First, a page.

PDA

View Full Version : Nightline: Sports Stadiums


Lip Man 1
11-29-2004, 07:27 PM
Interesting topic tonight (Monday) on Nighline after your late local news on ABC. This has been discussed here in connection with Uncle Jerry extorting a new stadium for the Sox.

Might be worth a look see:

If you build it, will they come?

November 29, 2004

Building new sports stadiums. Is it fair to put the burden on taxpayers?

Dear Nightline followers,

Today's broadcast:

There's a raging dispute about how to fund huge new sports stadiums in cities around the country. The question: should public money be used because they are an economic boom, or is this simply a taxpayer rip-off?

Arlington, Texas voted on Election Day to put more than $300 million into a new stadium for the Dallas Cowboys. Tomorrow, the Washington, D.C. City Council votes on public funding for a new stadium for the city's new major league team, The Washington Nationals. San Francisco is being asked to build a new stadium for the 49ers. Correspondent Jake Tapper reports.

Our guests: Jerry Jones, owner of the Dallas Cowboys; Gavin Newsom, Mayor of San Francisco; and Kevin Delaney, associate professor of sociology at Temple University and author of Public Dollars, Private Stadiums

Tom Bettag & the Nightline Staff
Nightline Offices
Washington, D.C.

Brian26
11-29-2004, 09:29 PM
Why the hell do the Cowboys need a new stadium? For 8 games a year? Give me a break.

DumpJerry
11-29-2004, 10:25 PM
Why the hell do the Cowboys need a new stadium? For 8 games a year? Give me a break.The Bears got one for their annual 8 games. It has been a tremendous help in their drive to the Super Bowl this year.

gregoriop
11-30-2004, 02:15 AM
Why the hell do the Cowboys need a new stadium? For 8 games a year? Give me a break. Actually, they don't. I'm in a class called Economics of Professional Sports and had to write a paper on this very topic. They don't have to share money on luxury boxes and obviously want more of them. The problem is the already have the most in the league. The stadium they had proposed was to seat 100,000 and they can't fill 65,000 now. Got to talk to the vp of marketing for the Colts...It's a fun class.


First post, btw.

white sox bill
11-30-2004, 06:18 AM
Actually, they don't. I'm in a class called Economics of Professional Sports and had to write a paper on this very topic. They don't have to share money on luxury boxes and obviously want more of them. The problem is the already have the most in the league. The stadium they had proposed was to seat 100,000 and they can't fill 65,000 now. Got to talk to the vp of marketing for the Colts...It's a fun class.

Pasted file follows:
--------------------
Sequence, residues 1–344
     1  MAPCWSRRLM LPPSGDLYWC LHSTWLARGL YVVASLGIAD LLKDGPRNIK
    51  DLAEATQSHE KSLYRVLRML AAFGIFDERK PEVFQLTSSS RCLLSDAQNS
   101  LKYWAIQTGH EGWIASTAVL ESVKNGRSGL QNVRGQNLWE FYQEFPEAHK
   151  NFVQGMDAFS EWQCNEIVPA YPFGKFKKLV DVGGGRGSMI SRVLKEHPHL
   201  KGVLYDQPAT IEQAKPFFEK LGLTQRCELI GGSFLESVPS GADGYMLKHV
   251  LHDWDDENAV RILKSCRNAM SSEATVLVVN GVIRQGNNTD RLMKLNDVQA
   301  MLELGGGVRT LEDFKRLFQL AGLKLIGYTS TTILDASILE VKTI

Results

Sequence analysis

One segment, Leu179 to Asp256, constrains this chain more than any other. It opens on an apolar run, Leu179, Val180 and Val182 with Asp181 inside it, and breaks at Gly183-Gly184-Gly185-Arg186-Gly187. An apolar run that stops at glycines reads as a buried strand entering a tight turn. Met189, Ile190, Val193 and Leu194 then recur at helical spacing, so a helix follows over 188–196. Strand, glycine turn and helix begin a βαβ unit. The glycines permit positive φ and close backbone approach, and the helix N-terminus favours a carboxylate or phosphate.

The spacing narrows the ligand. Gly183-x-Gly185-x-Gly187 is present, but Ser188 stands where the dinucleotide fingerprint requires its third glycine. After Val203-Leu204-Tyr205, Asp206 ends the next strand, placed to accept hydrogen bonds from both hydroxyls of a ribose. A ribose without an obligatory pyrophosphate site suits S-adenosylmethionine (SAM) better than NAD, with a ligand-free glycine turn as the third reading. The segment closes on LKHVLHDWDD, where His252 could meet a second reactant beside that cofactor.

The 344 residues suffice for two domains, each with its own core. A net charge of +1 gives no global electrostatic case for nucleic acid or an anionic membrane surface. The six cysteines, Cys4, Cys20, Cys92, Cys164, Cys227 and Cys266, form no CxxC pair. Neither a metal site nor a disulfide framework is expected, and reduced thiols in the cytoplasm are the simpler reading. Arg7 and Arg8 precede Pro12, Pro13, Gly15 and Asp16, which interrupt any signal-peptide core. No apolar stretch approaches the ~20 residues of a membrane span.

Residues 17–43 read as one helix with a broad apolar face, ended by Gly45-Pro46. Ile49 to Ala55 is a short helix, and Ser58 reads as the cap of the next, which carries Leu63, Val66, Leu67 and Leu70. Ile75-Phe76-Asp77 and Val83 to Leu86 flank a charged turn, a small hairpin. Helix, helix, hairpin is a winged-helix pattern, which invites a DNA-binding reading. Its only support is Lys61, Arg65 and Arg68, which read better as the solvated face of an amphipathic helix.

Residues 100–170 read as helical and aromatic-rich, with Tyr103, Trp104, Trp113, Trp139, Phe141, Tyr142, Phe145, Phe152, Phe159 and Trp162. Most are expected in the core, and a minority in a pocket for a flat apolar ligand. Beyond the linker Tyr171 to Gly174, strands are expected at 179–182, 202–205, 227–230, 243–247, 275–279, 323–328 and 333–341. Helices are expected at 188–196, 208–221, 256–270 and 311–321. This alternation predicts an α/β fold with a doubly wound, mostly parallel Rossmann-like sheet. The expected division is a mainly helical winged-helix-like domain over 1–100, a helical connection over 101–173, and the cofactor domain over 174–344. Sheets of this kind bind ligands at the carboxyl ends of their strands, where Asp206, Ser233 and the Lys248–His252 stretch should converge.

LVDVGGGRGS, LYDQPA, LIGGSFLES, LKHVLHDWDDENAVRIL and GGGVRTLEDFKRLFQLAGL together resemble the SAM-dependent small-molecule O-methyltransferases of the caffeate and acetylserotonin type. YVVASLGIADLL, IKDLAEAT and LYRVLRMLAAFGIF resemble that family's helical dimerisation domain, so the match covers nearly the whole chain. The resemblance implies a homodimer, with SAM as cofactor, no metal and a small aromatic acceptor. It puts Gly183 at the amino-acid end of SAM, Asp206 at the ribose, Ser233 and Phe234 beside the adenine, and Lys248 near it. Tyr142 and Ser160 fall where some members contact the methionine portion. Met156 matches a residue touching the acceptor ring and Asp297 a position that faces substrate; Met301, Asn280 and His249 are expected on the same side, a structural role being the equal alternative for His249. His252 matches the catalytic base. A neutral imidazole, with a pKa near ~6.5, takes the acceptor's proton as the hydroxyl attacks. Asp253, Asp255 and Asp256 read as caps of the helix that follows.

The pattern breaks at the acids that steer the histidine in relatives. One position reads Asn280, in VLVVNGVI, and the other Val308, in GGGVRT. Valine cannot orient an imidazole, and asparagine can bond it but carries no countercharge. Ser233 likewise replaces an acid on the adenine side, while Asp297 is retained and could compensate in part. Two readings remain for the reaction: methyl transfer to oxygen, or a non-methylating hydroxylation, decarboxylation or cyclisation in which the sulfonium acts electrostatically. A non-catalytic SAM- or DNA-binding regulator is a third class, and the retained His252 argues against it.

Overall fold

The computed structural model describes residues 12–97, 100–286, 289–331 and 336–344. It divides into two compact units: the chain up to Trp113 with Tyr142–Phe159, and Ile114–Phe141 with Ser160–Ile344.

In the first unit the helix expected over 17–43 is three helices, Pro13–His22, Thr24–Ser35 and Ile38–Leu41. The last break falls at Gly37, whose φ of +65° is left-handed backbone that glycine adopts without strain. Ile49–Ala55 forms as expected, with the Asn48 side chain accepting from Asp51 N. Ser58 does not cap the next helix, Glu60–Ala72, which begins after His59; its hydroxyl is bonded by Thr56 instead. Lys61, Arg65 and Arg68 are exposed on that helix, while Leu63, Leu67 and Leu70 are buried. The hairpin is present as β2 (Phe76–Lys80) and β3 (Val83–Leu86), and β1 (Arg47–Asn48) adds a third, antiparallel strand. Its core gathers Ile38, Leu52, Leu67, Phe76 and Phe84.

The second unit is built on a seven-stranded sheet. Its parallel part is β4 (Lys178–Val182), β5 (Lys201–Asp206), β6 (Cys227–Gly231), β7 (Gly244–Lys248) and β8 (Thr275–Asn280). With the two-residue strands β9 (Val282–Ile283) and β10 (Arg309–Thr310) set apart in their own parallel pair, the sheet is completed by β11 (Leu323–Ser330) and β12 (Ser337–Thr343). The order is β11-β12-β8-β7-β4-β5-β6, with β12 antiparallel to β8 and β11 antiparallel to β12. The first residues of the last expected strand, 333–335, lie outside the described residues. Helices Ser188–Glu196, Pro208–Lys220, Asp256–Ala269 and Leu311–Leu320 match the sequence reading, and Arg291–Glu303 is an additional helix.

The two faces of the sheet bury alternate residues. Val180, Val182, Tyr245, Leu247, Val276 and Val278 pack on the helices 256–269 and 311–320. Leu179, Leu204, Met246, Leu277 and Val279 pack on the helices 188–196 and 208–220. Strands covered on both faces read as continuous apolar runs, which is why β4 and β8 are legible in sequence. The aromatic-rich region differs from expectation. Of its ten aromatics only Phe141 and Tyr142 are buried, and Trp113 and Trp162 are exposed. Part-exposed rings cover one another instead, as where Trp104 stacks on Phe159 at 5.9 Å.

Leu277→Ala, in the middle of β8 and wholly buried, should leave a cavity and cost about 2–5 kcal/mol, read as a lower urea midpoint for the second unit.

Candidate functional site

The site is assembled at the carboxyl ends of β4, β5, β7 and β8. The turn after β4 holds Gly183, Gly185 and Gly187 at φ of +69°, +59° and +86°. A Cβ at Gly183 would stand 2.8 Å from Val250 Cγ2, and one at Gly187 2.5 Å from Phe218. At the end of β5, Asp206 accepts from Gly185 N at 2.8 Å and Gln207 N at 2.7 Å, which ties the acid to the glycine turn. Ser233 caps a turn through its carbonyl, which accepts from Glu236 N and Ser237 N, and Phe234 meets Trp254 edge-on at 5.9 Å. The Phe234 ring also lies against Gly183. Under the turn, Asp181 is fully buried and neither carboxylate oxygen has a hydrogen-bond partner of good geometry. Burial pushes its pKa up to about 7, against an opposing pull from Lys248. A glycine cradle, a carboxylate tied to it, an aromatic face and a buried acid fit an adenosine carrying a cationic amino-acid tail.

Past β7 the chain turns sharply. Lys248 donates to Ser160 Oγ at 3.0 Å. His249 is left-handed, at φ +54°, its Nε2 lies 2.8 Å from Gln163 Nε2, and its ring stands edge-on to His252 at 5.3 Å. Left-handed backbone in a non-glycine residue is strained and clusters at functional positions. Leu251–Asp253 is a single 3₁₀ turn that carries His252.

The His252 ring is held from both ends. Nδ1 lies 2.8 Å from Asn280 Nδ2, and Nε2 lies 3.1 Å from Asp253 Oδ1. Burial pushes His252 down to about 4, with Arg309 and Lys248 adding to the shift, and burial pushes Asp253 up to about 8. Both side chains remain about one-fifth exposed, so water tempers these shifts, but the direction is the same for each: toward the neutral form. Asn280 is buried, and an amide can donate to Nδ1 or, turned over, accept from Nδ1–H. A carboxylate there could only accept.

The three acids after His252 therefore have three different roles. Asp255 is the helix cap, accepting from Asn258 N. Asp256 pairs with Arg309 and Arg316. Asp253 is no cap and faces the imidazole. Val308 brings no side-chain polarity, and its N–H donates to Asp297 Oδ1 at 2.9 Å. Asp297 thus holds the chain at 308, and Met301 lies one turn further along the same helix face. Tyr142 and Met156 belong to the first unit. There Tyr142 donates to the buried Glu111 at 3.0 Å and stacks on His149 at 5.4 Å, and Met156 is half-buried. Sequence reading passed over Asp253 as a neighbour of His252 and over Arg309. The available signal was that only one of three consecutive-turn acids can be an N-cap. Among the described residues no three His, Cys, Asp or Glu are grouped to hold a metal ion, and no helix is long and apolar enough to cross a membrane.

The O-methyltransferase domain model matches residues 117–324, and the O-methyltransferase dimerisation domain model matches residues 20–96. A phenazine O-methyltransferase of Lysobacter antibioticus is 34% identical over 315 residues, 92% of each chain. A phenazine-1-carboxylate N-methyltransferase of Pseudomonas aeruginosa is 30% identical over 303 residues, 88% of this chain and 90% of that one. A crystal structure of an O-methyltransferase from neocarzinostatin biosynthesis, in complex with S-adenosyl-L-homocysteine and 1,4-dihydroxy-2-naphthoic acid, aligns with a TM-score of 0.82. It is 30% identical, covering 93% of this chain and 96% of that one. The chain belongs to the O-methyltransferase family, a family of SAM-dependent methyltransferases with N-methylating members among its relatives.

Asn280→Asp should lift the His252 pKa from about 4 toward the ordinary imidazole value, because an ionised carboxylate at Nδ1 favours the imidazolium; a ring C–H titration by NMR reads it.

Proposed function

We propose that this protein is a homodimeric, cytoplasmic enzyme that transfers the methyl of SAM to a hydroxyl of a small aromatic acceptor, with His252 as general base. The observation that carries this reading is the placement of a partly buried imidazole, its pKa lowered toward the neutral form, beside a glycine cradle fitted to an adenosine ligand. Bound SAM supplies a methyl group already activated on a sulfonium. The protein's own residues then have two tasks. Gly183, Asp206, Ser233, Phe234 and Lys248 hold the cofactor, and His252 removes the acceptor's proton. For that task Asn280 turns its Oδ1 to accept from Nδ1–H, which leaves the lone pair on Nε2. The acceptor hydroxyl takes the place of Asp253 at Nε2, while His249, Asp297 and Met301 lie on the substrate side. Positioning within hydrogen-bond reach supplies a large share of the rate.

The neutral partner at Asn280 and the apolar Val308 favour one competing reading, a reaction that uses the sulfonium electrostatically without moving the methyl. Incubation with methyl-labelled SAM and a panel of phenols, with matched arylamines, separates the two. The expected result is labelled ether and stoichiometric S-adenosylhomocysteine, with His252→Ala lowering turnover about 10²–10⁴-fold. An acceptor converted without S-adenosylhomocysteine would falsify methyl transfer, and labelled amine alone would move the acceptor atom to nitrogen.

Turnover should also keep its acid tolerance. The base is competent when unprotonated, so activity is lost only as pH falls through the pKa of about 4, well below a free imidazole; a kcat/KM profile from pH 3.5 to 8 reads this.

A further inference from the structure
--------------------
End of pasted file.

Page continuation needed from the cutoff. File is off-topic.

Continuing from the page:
First post, btw.

Hey, welcome aboard!!:smile:

Frater Perdurabo
11-30-2004, 09:05 AM
A few days after the Cowboys signed their letter of intent with the city of Arlington to put the stadium funding measure on the Nov. 2 ballot, a group of private investors from the aviation industry devised an alternative proposal to build a Cowboys stadium entirely from private funds. This proposed stadium would have been in South Dallas (not unlike the SE side of Chicago: economically disadvantaged, lacking jobs, etc.) near the former Red Bird Airport (now Dallas Executive Airport).

The proposed stadium would have had all the features the Cowboys wanted: retractable roof, movable natural grass playing field, plus another: a giant gate that would have connected the floor of the stadium to a tarmac which connected to the taxiway at the airport. Once per month, the investors would have an expo of general aviation aircraft (Cessnas, Beechcraft, Lear Jets, Gulfstreams, etc.) inside the stadium.

In addition, coporate execs who rent the luxury suites for Cowboys games would be able to fly in to the airport and walk a few hundred yards (or take a limo) straight to the stadium.

The only request for public dollars would have been to extend the Dallas Area Rapid Transit (DART) light rail line to a new station at the airport/stadium. The station also would be beneficial to the residents and businesses in the area, as well as fans who did not want to drive to the game and pay parking fees. In my opinion this would have been a wise and prudent use of public dollars.

This proposal was all but ignored by both the local media and the Cowboys. Now that the dolts in Arlington passsed the measure, the deal is done. (Arlington is the largest city in the U.S. -- 365,000 population -- without any form of public transportation. Arlington voters consistently vote against public transit.)

I'm glad I don't live in Arlington. Even though I attend one or two Rangers games each year (when the Sox come to town), I plan to boycott Arlington to avoid having my money redistributed to a billionaire in the form of car rental/hotel/sales taxes.

The New England Patriots built their stadium entirely from private funds. A privately-financed stadium hasn't hurt them a bit; they have won 2 of the last 3 Super Bowls and are a favorite to reach the next one.

Spending public dollars on professional (or even college) sports stadiums is foolish and short-sighted, IMHO.